Committing acts of journalism
I had a teacher in college once say, “We have a constitutional responsibility to commit acts of journalism.”
I agree. It’s too easy to spout off one’s own opinion by claiming you have some sort of “right” to it, without having done the proper due diligence to support your claims. It takes time and effort to stand behind what you know to be right. It’s a sacrifice because your knowledge of being right accomplishes nothing beyond having that knowledge. And actions are rarely words, but I respect journalism for its ability to accomplish the ideal of inspiring action through words.
I had the overwhelming urge to pursue an act of journalism because people were being bullied. I don’t like it when people get bullied. Especially less so when people are being bullied by government-run, tax-payer funded entities.
Joeff Davis/CL file On its $4.8 billion quest to connect the city with 22 miles of public sidewalk and bike path, the…www.clatl.com
Such is the case with the Atlanta Beltline (Do I have permission to use Beltline here?), who have been going after business for using their trademarked term “Beltline.” I understand why businesses want to trademark names and logos. But, for me, this is not a discussion about intellectual property law—that misses the point. This is a government-run entity owning a monopoly on its name.
It’s not okay to tell a bike shop they can’t call themselves “Beltline Bikes” when their shop is physically located on the beltline. It’s not okay to tell a journalist they can’t use the domain name “beltlinenews.com” to cover news around the beltline. It’s not okay that this publicly-owned glorified sidewalk has a trademarked name, let alone the fact that it is using its trademark to go after honest members of the community. It’s greed over community need.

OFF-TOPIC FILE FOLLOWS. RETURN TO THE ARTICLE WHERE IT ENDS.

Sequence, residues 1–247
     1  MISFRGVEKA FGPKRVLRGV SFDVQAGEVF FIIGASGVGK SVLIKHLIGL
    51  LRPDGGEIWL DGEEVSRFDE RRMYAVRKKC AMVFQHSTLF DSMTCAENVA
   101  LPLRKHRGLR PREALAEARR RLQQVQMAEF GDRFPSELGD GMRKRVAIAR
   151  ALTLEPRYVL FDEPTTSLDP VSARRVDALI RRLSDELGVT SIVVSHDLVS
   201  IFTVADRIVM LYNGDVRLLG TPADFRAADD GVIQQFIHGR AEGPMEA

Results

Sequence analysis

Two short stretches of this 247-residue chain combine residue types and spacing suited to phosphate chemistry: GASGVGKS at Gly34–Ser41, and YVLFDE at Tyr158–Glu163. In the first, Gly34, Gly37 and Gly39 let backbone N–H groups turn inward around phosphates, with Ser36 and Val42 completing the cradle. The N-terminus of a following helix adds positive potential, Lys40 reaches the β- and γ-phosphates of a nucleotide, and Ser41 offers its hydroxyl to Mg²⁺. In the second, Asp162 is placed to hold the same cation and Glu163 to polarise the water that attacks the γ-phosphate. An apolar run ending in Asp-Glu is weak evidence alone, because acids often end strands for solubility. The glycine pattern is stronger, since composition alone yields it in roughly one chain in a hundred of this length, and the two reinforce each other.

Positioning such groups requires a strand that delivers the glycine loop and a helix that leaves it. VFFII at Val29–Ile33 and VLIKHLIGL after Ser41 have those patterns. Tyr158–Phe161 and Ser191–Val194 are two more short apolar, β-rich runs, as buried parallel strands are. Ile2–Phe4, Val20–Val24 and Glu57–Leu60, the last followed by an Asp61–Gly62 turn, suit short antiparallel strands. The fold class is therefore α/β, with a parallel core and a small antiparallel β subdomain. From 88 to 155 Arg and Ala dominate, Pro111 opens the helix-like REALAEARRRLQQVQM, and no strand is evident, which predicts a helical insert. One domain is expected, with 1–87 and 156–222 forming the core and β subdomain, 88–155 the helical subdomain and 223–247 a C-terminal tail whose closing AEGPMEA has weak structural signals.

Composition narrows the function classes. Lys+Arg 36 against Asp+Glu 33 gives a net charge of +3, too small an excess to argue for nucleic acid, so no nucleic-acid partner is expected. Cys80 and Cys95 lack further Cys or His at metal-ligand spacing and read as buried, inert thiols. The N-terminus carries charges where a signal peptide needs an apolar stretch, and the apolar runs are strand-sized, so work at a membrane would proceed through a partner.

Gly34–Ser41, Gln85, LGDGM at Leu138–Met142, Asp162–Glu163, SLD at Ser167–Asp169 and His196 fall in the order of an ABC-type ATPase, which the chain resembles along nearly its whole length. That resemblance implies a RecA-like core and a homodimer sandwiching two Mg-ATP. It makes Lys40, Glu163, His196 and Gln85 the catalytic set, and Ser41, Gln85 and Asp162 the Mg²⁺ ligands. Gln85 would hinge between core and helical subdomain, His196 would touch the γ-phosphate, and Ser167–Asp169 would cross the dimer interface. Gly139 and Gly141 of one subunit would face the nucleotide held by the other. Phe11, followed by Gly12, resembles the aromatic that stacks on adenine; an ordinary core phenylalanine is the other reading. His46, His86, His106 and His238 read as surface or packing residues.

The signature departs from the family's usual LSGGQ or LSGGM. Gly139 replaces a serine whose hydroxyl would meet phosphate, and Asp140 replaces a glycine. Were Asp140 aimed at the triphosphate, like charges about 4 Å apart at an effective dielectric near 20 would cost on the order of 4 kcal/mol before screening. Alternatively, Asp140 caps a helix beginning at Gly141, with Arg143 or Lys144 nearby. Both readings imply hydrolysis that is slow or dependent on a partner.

That’s my stance.
When I saw how aggressive Atlanta Beltline folks were being with cease-and-desist letters, I thought to myself: “I wonder how much in legal fees they’re paying to police this trademark?”
I hadn’t submitted an open records request for a while, but this flagrant disregard for the community sparked my desire to get some documents.
I submitted my request to Atlanta Beltline officials, who attempted to use subtle delay tactics to stretch out the fulfillment of my request—How much have you spent on legal fees defending your trademark? Government agencies are legally obligated to respond to your request within three days. ABI did not. I called them out on it.
I don’t play around with open records laws in Georgia. I made case law suing the University System of Georgia. And given the back and forth between myself and Ericka Davis, head of ABI’s communications and media relations department, I think they know that fact as well.
Email from Davis:
You’re correct. and because this was my oversight and I hold myself personally accountable I have personally contacted the Attorney General’s office to make them aware of my error in regard to your request as well.
This was a first: I’ve never had a government agency report themselves to the state Attorney General’s office for an open records request violation.
Newspapers don’t have the will or the funds to fight the open records fight as much as they did in the past. It’s just a sad reality. Little by little, one non-compliance at a time, many governments at all levels skirt their duties—purposely or negligently—to transparency, and few are keeping them in check.
But I’m here. I’m not going to stop challenging them. And I encourage all of you to fulfill your constitutional responsibility by committing acts of journalism whenever you see a shady place that needs some light.
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